Political discourse and global ambitions were elevated to a new level this decade. The 1960s began with Richard M. Nixon and John F. Kennedy going against each other in a split-screen televised debate, and three years later, breaking news coverage forever changed with Kennedy’s assassination in Dallas. Earlier in 1963, televised coverage of Dr. Martin Luther King’s “I Have a Dream” speech helped the civil rights leader’s message resonate with millions around the world; the decade ended with audiences similarly expanding their beliefs of what is possible by watching man walk on the moon.

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Hulton Archive // Getty Images

1970s

HBO became available on TV sets in 1972, changing the pay cable format with exclusive movies, groundbreaking original programming, and live sports like boxing. Long a staple of TV advertising, cigarettes were banned from commercials beginning in 1970. Also that year, the Public Broadcasting Service, or PBS, began operations and created a market for nonprofit educational programming.

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Ebet Roberts/Redferns // Getty Images

1980s

In 1980, during a broadcast of “Monday Night Football,” Howard Cosell memorably told audiences of the murder of John Lennon, in a rare crossover of national news during a professional sports broadcast (later examples include the O.J. Simpson chase during the NBA Finals, and news of the death of Osama bin Laden reported during a nationally televised game between the Philadelphia Phillies and New York Mets). In 1981, MTV launched and played its first music video, the aptly titled “Video Killed the Radio Star” by The Buggles, and changed the entertainment industry. Combo TVs, featuring a TV and VCR, gained popularity.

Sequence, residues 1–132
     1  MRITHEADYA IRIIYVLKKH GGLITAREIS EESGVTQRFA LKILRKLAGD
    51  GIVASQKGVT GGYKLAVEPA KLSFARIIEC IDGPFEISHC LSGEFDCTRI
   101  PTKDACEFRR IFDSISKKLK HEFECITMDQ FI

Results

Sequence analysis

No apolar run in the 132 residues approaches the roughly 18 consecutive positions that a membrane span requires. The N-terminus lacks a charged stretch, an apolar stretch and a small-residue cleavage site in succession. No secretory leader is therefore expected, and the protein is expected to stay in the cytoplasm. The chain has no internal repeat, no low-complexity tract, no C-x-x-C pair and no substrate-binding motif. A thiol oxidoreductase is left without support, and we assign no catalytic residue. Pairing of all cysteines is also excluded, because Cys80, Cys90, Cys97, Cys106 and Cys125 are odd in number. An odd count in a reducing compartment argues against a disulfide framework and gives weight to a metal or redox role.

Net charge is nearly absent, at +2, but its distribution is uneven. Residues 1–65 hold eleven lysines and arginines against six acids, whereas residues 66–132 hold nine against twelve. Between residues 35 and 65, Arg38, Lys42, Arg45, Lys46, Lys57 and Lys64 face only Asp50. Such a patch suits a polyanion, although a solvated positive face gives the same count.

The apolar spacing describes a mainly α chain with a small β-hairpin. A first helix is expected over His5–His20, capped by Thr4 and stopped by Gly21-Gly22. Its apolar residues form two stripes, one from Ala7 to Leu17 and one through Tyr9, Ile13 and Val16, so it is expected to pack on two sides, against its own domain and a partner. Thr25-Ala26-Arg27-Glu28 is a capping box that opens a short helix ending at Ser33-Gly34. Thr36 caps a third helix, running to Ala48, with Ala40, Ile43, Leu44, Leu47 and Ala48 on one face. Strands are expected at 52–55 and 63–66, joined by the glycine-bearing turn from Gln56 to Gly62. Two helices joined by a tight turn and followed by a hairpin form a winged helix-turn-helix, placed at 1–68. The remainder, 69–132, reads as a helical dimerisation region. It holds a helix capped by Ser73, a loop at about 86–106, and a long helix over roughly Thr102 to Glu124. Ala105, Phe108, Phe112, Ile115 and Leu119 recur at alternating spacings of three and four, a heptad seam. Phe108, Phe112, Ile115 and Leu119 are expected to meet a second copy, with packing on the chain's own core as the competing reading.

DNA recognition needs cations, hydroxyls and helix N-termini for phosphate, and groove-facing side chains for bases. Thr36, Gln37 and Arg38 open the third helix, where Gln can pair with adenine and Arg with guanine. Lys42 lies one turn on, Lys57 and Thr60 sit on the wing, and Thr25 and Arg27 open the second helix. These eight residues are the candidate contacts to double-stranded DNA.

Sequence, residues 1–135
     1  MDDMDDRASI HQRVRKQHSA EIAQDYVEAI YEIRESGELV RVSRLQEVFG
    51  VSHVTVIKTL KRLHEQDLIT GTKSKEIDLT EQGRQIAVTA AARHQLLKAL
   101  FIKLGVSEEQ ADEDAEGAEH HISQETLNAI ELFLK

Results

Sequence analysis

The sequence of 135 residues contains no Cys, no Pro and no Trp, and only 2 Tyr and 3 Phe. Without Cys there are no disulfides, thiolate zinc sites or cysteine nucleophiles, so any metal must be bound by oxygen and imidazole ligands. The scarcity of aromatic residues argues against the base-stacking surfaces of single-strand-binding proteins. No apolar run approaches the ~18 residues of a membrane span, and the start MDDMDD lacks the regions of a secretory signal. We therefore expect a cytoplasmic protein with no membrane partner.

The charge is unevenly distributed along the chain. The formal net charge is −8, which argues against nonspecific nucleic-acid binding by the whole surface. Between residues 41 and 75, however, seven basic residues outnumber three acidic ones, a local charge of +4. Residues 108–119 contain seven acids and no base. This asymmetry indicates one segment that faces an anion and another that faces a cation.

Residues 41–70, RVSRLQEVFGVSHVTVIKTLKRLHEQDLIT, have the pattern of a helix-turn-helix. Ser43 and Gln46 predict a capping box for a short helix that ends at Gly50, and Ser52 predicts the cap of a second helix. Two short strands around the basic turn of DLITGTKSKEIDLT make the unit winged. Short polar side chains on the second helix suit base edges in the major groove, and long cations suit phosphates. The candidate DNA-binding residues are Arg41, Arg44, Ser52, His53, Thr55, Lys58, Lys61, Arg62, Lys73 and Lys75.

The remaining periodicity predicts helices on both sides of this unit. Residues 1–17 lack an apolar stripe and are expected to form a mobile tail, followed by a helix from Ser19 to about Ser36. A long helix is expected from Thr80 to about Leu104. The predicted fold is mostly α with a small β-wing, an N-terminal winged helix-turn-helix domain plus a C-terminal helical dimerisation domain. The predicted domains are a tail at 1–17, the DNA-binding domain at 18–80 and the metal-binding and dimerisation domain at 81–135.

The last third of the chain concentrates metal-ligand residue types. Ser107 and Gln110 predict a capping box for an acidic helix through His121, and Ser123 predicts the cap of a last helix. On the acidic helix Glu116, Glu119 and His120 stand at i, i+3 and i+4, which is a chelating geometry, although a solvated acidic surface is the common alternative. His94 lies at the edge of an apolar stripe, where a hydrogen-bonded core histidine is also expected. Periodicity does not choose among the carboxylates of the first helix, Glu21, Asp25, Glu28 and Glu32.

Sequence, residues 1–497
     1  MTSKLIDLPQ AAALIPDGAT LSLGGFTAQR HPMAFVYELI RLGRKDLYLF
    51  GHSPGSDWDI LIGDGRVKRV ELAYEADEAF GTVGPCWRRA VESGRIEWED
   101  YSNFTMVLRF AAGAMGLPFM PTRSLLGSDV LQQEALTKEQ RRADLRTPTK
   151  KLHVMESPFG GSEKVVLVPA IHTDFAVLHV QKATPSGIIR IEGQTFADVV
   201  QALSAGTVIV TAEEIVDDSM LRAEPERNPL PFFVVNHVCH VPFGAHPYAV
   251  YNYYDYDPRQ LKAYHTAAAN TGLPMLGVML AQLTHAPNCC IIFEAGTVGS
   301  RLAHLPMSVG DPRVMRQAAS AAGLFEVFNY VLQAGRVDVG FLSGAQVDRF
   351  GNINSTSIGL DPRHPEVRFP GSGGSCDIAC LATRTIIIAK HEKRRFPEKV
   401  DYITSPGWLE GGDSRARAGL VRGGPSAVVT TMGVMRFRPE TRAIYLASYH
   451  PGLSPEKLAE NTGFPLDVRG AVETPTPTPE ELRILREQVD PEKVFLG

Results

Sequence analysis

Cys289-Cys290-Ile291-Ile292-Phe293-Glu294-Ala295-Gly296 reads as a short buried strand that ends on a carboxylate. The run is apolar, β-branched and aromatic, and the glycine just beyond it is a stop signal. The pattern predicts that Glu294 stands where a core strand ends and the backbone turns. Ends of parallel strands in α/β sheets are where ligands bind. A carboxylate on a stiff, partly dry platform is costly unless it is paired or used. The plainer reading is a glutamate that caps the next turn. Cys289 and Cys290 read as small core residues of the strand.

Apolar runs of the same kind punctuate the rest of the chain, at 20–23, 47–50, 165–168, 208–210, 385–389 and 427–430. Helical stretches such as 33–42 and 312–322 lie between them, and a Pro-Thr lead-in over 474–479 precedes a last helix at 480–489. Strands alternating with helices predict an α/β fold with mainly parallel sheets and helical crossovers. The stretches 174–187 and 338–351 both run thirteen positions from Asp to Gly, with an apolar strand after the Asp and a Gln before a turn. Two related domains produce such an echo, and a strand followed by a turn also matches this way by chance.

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Warner Bros. Television // Getty Images

1990s

NBC’s “Must See TV” block of shows created the zenith of sitcom television, spinning out a slew of hits like “Seinfeld,” “Friends,” and “Frasier.” Less successful was the launch of the Olympics “Triplecast” project, which offered round-the-clock, pay-per-view coverage of the 1992 Summer Games in Barcelona; although the endeavor flopped, future Olympic Games would feature almost 24-hour coverage across several networks. TiVo and DVR technology was rolled out at the end of the century, soon making VCRs almost obsolete.

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2000s

Reality TV became all the craze in the 2000s, with shows like “Survivor,” “American Idol,” and “The Amazing Race” drawing some of the biggest rating numbers in history. In 2007, Netflix offered a streaming option for its library of TV shows and movies, and two years later, “NFL RedZone” reshaped pro sports viewing in the U.S., allowing football fans to watch important plays from every NFL game, even those out of market. Flatscreen televisions begin to all but replace the presence of bigger, cube-shaped cathode-ray tube TVs.

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2010s

Over-the-top streaming became even more popular, with HBO, NBC, and even the WWE creating their own monthly subscription services. Smart TVs become more prevalent in American households, allowing viewers to stream music, skim through YouTube, and watch their favorite shows all on one device. Chromecast was another mind-bending technological advancement; as for the actual shows, the era of prestige television ushered in what many consider some of the best series ever.